After our recent sojourn in India we have grown a little tired of Indian food. So, when Sue suggested a pub lunch in Rahway we jumped at the idea.
Rahway, the town next to Edison, has undergone considerable change over the last two or three years. It used to be a rundown place with dimly lit streets and tumbledown houses. I used to take the train from Rahway ( to Newark and N.Y.C) once in a while and the station was a disgrace with crumbling platforms and stairwells reeking of piss. Now, the station has been completely renovated , new buildings are springing up and there is a slew of attractive restaurants on Main Street. One of them is Flynn’s Irish Pub and Steakhouse.
As soon as we stepped into Flynn’s we knew we were in an Irish pub. The walls of the cosy L-shaped dining room are plastered with all manner of things Irish : green velvet bows, shamrocks, posters for Guinness, notices in Gaelic with English translations, mirrors advertising Harp and sundry other beers and photographs of Dublin Streets as they were a century ago. It was charming and welcoming as was our waitress who seated us at a table by the window in the horizontal leg of the L.
We quickly placed our drink orders, merlot for the ladies, Blue Moon draught for me, and took stock of our surroundings. Behind us was a well stocked wrap-around bar in rich dark wood with an inviting looking array of bottles ; the sort of bar where you can imagine spending a convivial evening with good friends.Prominently displayed on one wall was a Cuid Thromach Aire ( Important Notice ) giving a countdown of the number of days to St. Patrick’s Day. ” Sure and begorrah, we’ll all have a grand time ” , it proclaimed .When we were at Flynn’s there were still 50 days to go for the Wearing of the Green. The Guinness posters were funny throwbacks to an earlier time. One showed two painters on a hanging scaffold, painting the sides of an aircraft carrier. One of them is saying ” I feel like a Guinness” to which the other responds “I wish you were.” Another Guinness poster showed a brawny lad pulling a cart carrying a puzzled looking horse. “Guinness for Strength” and ” There’s nothing like a Guinness” it trumpeted. Maybe so but you’ll never find me ordering a Guinness. It’s too bitter and heavy for my taste.
The waitress brought us our drinks and we told her our menu choices. My wife had the tuna salad , Sue ordered the Fish and Chips and I had the Shepherd’s pie. She bustled away with our orders and I cast a glance around the dining room. Most of the diners were office workers on their lunch break and almost all of them seemed to have ordered burgers, hearty looking burgers that , made me regret my choice.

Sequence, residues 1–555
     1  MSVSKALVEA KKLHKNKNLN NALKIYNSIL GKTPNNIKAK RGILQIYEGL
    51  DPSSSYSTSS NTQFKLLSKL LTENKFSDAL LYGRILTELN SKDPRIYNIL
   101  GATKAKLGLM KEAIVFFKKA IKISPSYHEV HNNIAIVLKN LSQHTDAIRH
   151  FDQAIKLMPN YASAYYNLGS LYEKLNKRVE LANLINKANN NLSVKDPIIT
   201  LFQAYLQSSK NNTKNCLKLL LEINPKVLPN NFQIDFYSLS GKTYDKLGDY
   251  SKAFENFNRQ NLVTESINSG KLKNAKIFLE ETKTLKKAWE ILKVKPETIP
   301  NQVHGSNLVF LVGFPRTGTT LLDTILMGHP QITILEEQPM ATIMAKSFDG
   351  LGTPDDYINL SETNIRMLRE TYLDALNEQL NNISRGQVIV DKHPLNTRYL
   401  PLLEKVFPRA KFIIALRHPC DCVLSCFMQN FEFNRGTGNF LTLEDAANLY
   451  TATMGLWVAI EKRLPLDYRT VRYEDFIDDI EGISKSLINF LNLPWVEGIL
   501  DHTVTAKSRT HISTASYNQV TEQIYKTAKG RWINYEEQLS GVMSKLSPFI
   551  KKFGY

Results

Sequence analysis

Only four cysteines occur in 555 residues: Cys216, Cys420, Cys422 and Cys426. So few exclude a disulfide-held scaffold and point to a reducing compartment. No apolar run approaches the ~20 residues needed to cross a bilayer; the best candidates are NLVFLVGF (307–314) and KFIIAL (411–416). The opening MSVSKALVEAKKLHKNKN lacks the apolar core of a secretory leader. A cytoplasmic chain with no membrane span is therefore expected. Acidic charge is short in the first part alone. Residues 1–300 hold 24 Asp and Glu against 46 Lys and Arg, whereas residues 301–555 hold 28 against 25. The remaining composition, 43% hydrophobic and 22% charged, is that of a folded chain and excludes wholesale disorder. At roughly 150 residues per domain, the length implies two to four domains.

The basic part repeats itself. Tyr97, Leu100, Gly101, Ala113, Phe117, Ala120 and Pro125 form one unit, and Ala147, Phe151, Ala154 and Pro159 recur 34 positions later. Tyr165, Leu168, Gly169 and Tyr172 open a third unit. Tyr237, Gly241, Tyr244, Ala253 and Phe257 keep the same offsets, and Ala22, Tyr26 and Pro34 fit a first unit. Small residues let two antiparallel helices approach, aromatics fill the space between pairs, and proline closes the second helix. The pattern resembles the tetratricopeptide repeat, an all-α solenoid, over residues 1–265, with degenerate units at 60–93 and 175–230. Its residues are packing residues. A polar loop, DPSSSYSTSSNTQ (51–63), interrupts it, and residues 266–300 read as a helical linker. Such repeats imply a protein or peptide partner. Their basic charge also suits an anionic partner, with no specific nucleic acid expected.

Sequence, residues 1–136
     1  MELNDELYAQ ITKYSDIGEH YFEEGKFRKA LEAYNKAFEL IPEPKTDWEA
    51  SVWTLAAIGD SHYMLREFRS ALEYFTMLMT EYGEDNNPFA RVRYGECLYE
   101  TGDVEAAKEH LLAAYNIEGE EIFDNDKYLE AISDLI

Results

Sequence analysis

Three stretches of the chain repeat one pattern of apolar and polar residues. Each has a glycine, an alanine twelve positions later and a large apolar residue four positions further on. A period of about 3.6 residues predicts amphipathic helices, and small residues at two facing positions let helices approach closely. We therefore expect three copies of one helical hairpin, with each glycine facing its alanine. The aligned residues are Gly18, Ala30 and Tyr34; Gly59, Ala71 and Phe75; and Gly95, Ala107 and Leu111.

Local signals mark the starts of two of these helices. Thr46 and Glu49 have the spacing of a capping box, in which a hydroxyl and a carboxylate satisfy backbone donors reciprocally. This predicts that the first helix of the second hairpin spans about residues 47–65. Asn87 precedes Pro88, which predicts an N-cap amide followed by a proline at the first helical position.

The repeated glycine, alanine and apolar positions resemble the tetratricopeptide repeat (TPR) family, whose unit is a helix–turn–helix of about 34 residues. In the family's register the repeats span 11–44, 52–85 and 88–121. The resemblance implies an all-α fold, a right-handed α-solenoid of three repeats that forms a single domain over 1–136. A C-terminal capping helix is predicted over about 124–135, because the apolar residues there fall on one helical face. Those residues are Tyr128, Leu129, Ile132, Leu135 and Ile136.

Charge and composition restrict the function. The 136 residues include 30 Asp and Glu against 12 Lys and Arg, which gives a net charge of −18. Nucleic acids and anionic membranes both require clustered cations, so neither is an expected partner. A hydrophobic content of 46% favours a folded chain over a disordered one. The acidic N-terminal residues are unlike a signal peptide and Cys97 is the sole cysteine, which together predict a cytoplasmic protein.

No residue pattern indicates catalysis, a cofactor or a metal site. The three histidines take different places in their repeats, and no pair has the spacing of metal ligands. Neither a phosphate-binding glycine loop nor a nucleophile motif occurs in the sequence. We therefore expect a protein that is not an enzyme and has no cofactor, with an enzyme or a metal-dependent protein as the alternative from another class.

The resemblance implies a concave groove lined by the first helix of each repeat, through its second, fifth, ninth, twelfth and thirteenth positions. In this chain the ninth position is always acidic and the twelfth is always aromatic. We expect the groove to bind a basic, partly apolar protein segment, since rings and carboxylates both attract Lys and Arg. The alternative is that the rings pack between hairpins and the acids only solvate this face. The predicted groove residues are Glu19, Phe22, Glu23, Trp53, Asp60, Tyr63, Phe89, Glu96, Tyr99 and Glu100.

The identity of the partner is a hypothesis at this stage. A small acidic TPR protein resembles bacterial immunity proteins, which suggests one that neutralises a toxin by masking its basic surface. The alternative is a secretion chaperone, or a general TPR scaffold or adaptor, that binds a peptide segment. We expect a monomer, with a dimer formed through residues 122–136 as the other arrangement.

My Blue Moon draught was a cloudy orange colored brew served in a large glass and garnished with a slice of orange. It was delicious and I asked the waitress whether it was Irish. “No”, she said, ” it’s from Holland “. She didn’t sound too sure so I looked it up later and found that it is actually made by Molson. It’s a Belgian style witbier ( White beer) made from white oats and barley and flavored with orange peel and coriander. Excellent. I wouldn’t mind having it again.
The last few times that we’ve eaten out, my entree has turned out to be the best of the lot. Not this time. Shepherd’s pie is usually made with minced lamb with a topping of champ ( mashed potatoes) finished in the oven. This one was made with chopped beef and the cap of mashed potatoes was leaden. I should have looked more closely at the menu ; it did say that their Shepherd’s pies were made with beef, as is common in the U.S. Most Americans don’t like the taste of lamb.My wife’s tuna salad was very good , she said, and Sue’s fish and chips was top class. The fish was perfectly cooked and flaky within a crisp thin crust and the chips ( steak fries) were greaseless and toothsome. I sampled a bit of the fish and some chips and regretted my choice of Shepherd’s pie even more. I found myself thinking back to the first time I had fish and chips , over 30 years ago, in England.
We had been on a day tour of the Lake District, made famous by Wordsworth. We didn’t see any daffodils but the atmospheric beauty of Windermere, Grasmere and Derwent Water made a deep impression. We stopped for a pub lunch in the little town of Keswick and I remember my wife both ordered Fish and Chips to go with our bitter. I can still see those platters in my mind’s eye. Each contained a large piece of deepfried breaded fish , orange in color, chips ( thick cut fries) and peas. The fish was plaice , which we in the States call flounder, and the coating was of breadcrumbs, not flour as in the U.S. To this day, I don’t know what the violent orange color was. It wasn’ t turmeric ( which imparts a yellow color). It looked like the color that annato oil imparts but annato is a Puerto Rican/Latin American ingredient and was unknown in the Britain of 30 years ago. The peas were dried peas which had been reconstituted and , surprisingly, they tasted better than fresh ones.There was no tartar sauce but there was something better… malt vinegar which went perfectly with the fish and chips.
Flynns’ Fish and Chips was nothing like what I’ve described above but, in it’s own way, it was very good. The next time I go to Flynn’s , it’s going to be a toss up what I will order– the Hamburger or the Fish and Chips.
As we left Flynn’s the waitress bid us a cheery farewell and I thought to myself what a difference ambience makes. I’ve always considered that food is the most important element when dining out. I wouldn’t really care for the hoity -toity atmosphere of a luxe restaurant nor would I be willing to pay through the nose for it . Give me good honest food and a cosy place that makes me feel welcome. Flynn’s fills the bill in both respects.
Flynn’s Irish Pub and Steakhouse, 1482 Main Street , Rahway, N.J . (732) 381-4700. Open 7 days a week. Monday to Friday. 11Am to 11 PM . Saturday and Sunday 12 noon to 11 PM.